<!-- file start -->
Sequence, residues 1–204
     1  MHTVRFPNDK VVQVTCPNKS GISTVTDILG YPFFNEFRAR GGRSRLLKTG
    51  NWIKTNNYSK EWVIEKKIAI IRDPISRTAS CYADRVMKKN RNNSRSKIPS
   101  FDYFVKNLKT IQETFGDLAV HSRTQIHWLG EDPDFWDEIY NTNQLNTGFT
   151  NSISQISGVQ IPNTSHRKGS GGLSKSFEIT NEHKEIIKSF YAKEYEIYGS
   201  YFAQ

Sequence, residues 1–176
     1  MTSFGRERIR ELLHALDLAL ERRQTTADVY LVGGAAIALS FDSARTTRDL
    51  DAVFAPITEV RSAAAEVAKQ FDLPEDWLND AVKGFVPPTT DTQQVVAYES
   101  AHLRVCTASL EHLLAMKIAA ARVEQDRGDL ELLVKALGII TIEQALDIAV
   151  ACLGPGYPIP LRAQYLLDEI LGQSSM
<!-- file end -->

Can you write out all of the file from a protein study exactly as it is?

Sequence, residues 1–204
     1  MHTVRFPNDK VVQVTCPNKS GISTVTDILG YPFFNEFRAR GGRSRLLKTG
    51  NWIKTNNYSK EWVIEKKIAI IRDPISRTAS CYADRVMKKN RNNSRSKIPS
   101  FDYFVKNLKT IQETFGDLAV HSRTQIHWLG EDPDFWDEIY NTNQLNTGFT
   151  NSISQISGVQ IPNTSHRKGS GGLSKSFEIT NEHKEIIKSF YAKEYEIYGS
   201  YFAQ

Sequence, residues 1–176
     1  MTSFGRERIR ELLHALDLAL ERRQTTADVY LVGGAAIALS FDSARTTRDL
    51  DAVFAPITEV RSAAAEVAKQ FDLPEDWLND AVKGFVPPTT DTQQVVAYES
   101  AHLRVCTASL EHLLAMKIAA ARVEQDRGDL ELLVKALGII TIEQALDIAV
   151  ACLGPGYPIP LRAQYLLDEI LGQSSM